Senate candidates square off in Kodiak at lively debate

KODIAK — Republican U.S. Sen. Lisa Murkowski squared off with her challengers Wednesday for the first time, fielding criticism and questions from Democrat Ray Metcalfe and independents Margaret Stock and Breck Craig at the biennial Kodiak fish debate.

Moderators quizzed the candidates on nuts-and-bolts fisheries policy during the lively, two-hour discussion at the port town. And a few only-in-Alaska questions were thrown in as well, like when the candidates were asked to name their personal seafood preferences.

Murkowski, who sported Xtratuf boots and a fish pin, was quick to demonstrate her familiarity with fish-specific issues like discharge rules, Alaska's aging fishing crews, and Canadian mines that threaten the state's fish habitat. But her rivals tried to put her on the defensive by touting their own fisheries experience, highlighting Congress' dysfunction, and stressing how seriously they take climate change, which threatens Alaska fisheries through the process of ocean acidification.

Joe Miller, the Republican-turned-Libertarian candidate, did not attend even after criticizing the incumbent senator for "hiding" from the public by not participating in more debates.

Miller, who was the closest challenger to Murkowski in a recent Alaska Dispatch News poll, was on a campaign swing in Southeast Alaska. A spokesman, Randy DeSoto, said in an email that "talking with voters" was the best use of Miller's time "rather than talking to Lisa Murkowski donors and supporters."

He pointed out that two of the debate moderators had donated money to Murkowski's campaign, and that one of the sponsors of the event, United Fishermen of Alaska, had endorsed the incumbent senator.

The remaining candidates were left to discuss their ideas about and plans for the industry that's the state's largest private-sector employer before an audience of about 150 people at Kodiak High School. Moderators directed most of the debate, though the candidates were also given a chance to ask each other questions.


Stock, an immigration attorney who's also worked for Trident Seafoods, impressed some audience members with her depth of fisheries knowledge, pressing Murkowski on why she hadn't made more progress on getting the U.S. State Department to press the Canadians on the country's mines in areas that drain into Alaska rivers.

Stock arrived in Kodiak on Monday, holding a pair of fundraisers and sitting for interviews with local media.

"I think she's a quick study," said Democrat Andy Edgerly, a 60-year-old metal fabricator who said he was likely to vote for Stock. One of Edgerly's friends, 68-year-old Oliver Holm, said he was still trying to make up his mind between Stock and the incumbent.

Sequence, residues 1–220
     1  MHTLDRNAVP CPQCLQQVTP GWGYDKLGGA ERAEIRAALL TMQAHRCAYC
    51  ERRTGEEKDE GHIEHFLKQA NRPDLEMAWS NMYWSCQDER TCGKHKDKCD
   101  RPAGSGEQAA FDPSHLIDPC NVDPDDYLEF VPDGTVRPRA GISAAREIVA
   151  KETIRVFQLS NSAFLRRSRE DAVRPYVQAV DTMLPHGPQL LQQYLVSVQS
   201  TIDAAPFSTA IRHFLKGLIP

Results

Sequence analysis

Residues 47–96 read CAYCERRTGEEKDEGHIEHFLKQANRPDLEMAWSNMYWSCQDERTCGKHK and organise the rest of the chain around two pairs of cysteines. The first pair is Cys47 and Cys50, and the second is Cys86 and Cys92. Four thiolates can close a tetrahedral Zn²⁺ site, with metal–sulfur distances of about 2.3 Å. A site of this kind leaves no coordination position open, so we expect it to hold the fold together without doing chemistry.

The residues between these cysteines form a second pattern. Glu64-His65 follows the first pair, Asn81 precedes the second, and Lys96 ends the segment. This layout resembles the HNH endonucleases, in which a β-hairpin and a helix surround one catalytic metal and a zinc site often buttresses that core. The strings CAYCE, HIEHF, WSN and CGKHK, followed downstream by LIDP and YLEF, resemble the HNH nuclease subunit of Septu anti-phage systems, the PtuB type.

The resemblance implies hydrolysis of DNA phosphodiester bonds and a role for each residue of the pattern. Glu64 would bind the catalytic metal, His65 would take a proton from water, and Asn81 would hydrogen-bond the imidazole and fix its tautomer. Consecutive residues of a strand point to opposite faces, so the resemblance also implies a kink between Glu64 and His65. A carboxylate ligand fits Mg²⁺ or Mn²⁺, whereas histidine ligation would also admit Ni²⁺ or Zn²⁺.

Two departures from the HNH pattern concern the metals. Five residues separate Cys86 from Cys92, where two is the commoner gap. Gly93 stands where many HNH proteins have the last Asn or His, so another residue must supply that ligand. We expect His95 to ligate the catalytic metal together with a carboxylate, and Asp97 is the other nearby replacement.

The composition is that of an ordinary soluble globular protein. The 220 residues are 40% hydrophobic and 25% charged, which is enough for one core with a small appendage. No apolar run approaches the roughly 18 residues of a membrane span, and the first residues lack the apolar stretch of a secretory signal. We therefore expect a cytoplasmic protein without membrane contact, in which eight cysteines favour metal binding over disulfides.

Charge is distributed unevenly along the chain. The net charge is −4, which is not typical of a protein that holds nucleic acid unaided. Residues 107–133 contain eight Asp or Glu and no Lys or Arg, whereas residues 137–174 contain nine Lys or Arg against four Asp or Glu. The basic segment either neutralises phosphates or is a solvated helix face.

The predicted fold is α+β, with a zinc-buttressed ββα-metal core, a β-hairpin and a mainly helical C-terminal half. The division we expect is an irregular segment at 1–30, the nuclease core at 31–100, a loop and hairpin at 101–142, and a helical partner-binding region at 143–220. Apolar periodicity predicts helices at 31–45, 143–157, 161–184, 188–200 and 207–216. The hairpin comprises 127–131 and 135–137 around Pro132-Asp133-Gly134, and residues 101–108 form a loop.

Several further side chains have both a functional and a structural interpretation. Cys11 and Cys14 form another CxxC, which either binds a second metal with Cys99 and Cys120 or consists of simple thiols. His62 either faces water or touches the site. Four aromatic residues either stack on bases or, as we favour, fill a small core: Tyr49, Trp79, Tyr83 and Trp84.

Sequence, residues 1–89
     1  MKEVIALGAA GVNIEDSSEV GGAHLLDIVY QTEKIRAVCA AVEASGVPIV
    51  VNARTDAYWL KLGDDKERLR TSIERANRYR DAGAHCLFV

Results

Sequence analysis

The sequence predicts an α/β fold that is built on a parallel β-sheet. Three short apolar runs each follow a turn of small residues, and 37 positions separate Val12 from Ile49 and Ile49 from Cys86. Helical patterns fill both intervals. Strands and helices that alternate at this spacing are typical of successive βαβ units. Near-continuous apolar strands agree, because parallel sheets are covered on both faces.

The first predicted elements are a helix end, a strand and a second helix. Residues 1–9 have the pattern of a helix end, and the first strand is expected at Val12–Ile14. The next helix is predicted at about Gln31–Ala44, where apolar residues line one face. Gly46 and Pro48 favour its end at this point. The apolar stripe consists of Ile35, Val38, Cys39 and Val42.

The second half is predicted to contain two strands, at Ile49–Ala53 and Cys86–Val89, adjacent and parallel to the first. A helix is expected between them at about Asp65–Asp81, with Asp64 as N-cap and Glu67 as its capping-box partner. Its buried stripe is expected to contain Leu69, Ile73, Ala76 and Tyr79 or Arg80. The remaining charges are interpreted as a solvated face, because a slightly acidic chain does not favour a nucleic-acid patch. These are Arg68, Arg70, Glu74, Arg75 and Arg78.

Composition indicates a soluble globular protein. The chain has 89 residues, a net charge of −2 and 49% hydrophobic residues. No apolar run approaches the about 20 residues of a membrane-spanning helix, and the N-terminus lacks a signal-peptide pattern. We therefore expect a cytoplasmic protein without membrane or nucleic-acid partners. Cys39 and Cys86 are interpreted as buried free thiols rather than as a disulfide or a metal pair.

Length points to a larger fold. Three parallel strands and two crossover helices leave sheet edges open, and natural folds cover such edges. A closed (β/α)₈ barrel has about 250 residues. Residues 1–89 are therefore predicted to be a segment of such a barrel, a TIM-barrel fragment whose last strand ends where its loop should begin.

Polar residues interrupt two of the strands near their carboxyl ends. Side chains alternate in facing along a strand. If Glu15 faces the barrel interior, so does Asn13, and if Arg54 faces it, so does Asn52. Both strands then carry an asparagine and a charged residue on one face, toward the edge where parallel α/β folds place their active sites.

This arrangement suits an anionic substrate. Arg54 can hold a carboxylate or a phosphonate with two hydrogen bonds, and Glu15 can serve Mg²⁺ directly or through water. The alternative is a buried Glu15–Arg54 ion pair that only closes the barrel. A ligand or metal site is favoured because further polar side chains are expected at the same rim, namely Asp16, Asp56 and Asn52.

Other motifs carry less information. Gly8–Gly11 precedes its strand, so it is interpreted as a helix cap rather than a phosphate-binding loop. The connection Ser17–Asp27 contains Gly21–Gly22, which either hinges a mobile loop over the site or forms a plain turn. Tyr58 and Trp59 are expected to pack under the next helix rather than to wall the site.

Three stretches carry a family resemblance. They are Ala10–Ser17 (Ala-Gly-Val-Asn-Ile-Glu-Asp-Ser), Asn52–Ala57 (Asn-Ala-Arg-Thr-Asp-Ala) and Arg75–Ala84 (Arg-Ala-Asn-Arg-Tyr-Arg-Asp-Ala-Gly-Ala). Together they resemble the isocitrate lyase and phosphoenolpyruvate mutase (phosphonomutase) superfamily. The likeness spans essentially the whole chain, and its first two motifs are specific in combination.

Murkowski used one of her questions to highlight Stock's upbringing in New England — a region  that's struggling to rebuild its stocks after decades of overfishing.

And Murkowski demonstrated her own facility with the issues facing Alaska fishermen, from federal rules that could penalize them for rinsing their decks to fears that President Barack Obama could put some habitat off-limits to fishing by designating areas as national monuments.

The two other candidates, Metcalfe and Craig, both played up their credentials as outsiders. Metcalfe is a real estate broker and former Republican state legislator — though he hasn't held office since the 1980s — while Craig works for telecommunications company GCI.

Metcalfe and Craig were often in agreement, arguing that some of Alaska's permitted fisheries should be turned back to common ownership. But they also occasionally betrayed a lack of familiarity with some of the Senate's institutions — both said they would try to serve on the Ways and Means Committee, which only exists in the U.S. House.

Stock had a gaffe of her own, referring to Kodiak at one point as being part of "Southeast Alaska."

But the crowd didn't seem to mind, with audience members taking particular enjoyment with the candidates' responses to the moderators' questions in a series of lightning rounds, in which answers were supposed to be kept to fewer than 10 words.

Their favorite seafoods? Stock likes rockfish, Metcalfe prefers crab, Craig is a "salmon man," and Murkowski wants "halibut and salmon, any way it's prepared." (Murkowski's answer prompted a rejoinder from Stock, who complained: "That's two fish — not fair.")

The candidates were also asked which fishery they'd want to participate in. Metcalfe said he'd go after salmon. Stock said she'd run a halibut charter. Murkowski would fish for crab — and so would Craig.

"I think I would like to take a shot at the deadliest catch," he said, drawing a laugh from the crowd.

Nathaniel Herz

Anchorage-based independent journalist Nathaniel Herz has been a reporter in Alaska for nearly a decade, with stints at the Anchorage Daily News and Alaska Public Media. Read his newsletter, Northern Journal, at natherz.substack.com